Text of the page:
Pathology

Welcome from the Chief Resident

Dr. JerewDear Residency Candidate,

Welcome! I’m the current Chief Resident for The University of Toledo Pathology Residency Program and I invite you to peruse our website to learn more about our program.

I believe our program to be a hidden gem. It is a small program in the Midwest and could easily go overlooked, but I think it is a mistake to automatically disregard it. Please allow me to persuade you.

One of our many strengths is, in fact, the size. We may not be mighty in terms of number, but this has some perks. Our faculty to resident ratio is very high and this means that there is always someone available to guide and assist you. You will definitely have one-on-one time with the attendings. This allows for incredibly personalized learning. They are able to assess your current understanding and help you progress to the next steps. Nobody will slip through the cracks in our program.

A lot has changed in recent years. The University of Toledo signed a 50-year affiliation with the ProMedica Toledo Hospital, the largest hospital system in the city. We’re a few years into this transition and we seem to have found a nice balance. What this affiliation provides to residents is an incredible learning opportunity. Because of the affiliation, our program offers the unique opportunity of exposure to two very different types of practice. We spend a significant amount of time in each location, which means we learn the ins and outs of practicing in a small academic setting, as well as a large community practice. I have found this exposure to be invaluable, as I now know more about what I want to seek out in a future employer. We receive academic board-focused education as well as practical knowledge for real-world practice. I can’t emphasize enough how beneficial this is for those of us that will be entering the workforce soon.

More specifically, the affiliation provides us with benefits such as an increased surgical volume. Between the two locations, our residents are exposed to greater than 60,000 widely varied surgical specimens per year as well as over 30,000 cytology specimens, which competes with some of the largest, most reputable programs in the area. We are also given access to state-of-the art clinical pathology labs, including an extensive hematopathology practice, on-site flow cytometry, busy blood bank, and impeccably run microbiology lab.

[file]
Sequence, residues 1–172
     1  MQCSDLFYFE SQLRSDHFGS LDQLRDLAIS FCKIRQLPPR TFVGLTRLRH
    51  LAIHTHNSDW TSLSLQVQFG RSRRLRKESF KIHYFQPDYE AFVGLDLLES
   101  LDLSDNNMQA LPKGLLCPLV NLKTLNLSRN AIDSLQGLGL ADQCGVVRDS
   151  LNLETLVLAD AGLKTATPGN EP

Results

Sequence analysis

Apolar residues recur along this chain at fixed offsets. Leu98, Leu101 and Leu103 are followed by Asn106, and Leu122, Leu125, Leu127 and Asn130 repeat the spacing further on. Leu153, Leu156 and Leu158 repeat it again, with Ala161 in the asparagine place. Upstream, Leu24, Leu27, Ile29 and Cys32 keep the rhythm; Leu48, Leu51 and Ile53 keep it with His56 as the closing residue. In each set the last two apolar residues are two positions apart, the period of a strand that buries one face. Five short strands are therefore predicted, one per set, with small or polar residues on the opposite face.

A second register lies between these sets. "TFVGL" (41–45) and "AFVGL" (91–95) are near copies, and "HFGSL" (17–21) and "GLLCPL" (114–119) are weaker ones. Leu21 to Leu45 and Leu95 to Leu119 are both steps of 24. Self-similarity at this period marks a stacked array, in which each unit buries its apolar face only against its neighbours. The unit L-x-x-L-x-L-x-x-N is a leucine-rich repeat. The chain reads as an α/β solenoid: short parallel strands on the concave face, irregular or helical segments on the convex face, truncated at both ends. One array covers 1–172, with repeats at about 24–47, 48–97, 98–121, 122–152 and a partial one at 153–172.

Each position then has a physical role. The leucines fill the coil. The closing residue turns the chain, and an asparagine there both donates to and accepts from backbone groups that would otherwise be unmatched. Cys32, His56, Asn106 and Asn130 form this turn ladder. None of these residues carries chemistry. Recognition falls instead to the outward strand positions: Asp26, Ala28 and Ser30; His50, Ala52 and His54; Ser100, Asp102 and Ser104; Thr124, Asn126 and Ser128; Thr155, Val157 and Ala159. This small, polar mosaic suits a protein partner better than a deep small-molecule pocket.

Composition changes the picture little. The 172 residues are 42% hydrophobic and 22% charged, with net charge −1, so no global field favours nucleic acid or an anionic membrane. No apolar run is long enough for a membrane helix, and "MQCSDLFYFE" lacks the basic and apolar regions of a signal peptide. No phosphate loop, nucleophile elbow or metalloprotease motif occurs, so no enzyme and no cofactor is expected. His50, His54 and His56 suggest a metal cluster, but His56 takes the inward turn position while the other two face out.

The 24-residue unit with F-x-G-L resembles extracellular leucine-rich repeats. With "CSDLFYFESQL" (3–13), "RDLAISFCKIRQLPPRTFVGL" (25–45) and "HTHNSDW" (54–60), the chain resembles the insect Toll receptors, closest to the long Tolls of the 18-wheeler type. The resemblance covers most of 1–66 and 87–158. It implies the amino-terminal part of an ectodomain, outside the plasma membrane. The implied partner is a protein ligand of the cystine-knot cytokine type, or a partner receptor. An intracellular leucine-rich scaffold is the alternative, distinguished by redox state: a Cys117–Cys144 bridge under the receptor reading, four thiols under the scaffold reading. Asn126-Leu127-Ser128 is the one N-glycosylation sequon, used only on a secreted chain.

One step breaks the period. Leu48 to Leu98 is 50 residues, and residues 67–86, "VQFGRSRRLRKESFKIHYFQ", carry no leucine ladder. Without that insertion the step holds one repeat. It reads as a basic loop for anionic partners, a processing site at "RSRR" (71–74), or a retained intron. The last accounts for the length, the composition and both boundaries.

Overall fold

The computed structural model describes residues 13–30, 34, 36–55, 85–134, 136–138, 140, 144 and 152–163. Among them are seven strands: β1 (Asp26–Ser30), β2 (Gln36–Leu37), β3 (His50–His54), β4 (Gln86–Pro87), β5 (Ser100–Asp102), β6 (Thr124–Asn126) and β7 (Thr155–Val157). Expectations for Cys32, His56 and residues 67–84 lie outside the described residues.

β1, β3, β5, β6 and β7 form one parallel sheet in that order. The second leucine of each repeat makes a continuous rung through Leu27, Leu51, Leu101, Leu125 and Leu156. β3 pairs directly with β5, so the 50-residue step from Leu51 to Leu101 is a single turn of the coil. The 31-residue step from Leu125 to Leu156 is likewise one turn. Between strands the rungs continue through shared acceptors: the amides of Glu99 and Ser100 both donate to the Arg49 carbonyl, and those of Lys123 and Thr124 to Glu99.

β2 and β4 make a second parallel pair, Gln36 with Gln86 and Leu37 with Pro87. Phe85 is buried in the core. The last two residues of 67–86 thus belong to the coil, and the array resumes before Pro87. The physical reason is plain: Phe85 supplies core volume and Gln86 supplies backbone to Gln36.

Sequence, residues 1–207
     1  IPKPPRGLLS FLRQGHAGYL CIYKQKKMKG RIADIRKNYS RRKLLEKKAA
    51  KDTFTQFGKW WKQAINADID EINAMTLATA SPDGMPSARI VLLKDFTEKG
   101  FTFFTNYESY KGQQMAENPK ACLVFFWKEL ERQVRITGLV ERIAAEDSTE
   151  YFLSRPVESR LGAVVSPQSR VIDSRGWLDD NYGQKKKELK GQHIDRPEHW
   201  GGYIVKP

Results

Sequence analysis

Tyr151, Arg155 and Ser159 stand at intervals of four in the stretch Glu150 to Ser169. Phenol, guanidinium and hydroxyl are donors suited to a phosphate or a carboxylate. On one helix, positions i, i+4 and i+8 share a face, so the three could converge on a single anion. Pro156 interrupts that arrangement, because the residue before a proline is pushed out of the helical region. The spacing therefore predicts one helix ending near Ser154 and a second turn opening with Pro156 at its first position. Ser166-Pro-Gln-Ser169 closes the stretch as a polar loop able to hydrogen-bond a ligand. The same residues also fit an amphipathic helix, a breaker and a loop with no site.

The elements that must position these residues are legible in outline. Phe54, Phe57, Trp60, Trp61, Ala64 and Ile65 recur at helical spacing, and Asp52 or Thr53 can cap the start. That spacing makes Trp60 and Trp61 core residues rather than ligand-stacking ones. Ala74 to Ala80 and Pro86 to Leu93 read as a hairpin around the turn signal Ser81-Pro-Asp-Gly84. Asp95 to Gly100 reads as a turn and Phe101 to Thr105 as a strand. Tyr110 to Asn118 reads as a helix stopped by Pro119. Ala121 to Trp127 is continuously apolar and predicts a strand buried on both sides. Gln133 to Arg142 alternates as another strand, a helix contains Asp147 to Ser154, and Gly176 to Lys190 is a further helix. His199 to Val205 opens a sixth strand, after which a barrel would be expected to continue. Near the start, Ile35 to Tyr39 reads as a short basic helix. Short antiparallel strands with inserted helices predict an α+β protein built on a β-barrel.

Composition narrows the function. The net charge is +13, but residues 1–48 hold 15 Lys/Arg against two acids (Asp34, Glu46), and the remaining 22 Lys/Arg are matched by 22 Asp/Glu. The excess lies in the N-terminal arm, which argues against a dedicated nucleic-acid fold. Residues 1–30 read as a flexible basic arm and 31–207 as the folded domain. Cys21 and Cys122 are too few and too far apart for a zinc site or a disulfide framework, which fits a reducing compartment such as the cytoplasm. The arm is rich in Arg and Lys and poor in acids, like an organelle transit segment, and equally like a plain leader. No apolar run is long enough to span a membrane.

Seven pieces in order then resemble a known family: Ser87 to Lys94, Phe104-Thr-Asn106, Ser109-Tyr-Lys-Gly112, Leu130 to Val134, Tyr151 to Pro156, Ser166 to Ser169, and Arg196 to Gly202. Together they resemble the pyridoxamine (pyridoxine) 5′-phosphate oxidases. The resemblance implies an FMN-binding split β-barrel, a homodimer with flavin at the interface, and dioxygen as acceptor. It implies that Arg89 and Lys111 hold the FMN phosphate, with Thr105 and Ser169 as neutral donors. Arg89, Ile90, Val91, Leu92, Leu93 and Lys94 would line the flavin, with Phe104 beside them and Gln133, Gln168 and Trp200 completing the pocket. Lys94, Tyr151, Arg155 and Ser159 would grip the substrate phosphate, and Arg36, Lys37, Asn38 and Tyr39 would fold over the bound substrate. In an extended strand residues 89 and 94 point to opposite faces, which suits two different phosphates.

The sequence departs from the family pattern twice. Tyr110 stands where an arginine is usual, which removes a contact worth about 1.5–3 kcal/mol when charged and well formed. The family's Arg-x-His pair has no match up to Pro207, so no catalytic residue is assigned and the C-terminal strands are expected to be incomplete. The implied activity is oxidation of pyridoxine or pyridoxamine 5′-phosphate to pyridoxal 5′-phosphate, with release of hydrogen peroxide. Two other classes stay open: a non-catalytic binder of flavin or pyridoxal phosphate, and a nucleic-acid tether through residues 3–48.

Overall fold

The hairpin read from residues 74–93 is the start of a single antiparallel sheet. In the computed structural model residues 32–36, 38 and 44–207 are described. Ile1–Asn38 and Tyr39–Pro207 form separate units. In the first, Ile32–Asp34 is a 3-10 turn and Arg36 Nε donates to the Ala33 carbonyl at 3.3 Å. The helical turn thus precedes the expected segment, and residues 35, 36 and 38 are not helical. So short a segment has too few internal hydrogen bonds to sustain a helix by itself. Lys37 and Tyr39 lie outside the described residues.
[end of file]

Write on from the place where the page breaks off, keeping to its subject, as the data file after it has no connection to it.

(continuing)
Beyond that, our program offers incredibly thorough training in clinical pathology, which I consider a significant strength. I have heard of programs that simply encourage you to read your text during CP months. That sounds lovely and flexible, but there is something invaluable about being in the lab and watching exactly how things are done. It makes more sense and sticks with you more effectively.

Most of our time at Toledo Hospital is spent on the third floor of the Neuroscience building. This building was constructed within the past 5 years and, that’s right, we’re on the third floor (not the basement). It has walls of windows and we spend lots of time seeing outside.

Most importantly, we have attendings at all locations that are excellent educators. Lots of them love to teach and they are good at it. I am continually amazed at the amount of time they’re willing to devote to individualized attention to my learning. I will be forever grateful. Not only is this beneficial as I prepare for board exams, but this is great experience that will serve me well throughout my career, I have no doubt.

We also have a focus on research and an attending that will help guide you through any project you wish to pursue. We meet twice monthly to review the literature. The first meeting of the month is a rapid review of the literature, during which each resident is responsible for reviewing three journal articles. The second meeting is an in-depth critical review of one of the articles from the first meeting. The residents rotate through the responsibility of preparing for and presenting this article. He is also an electron microscopist, which provides us with unique access that can’t be found everywhere anymore.

Additionally, we are very involved with the medical school and have the opportunity to participate in teaching for the first and second-year students. We guide small group discussions several times each fall. We also have third and fourth year medical students rotating through our department regularly – as many as four at any one time. The residents are responsible for guiding them through this experience and helping them understand the ins and outs of pathology, and the ways it may apply to their future careers.

Our didactic series is extensive and we are offered “protected” time each morning during which we are not asked to cover any service requirements. The recent pandemic seems to have facilitated this experience, in that we were forced into virtual learning. We have returned to in-person conferences, but we continue to stream everything virtually so that residents in off-site locations are able to attend.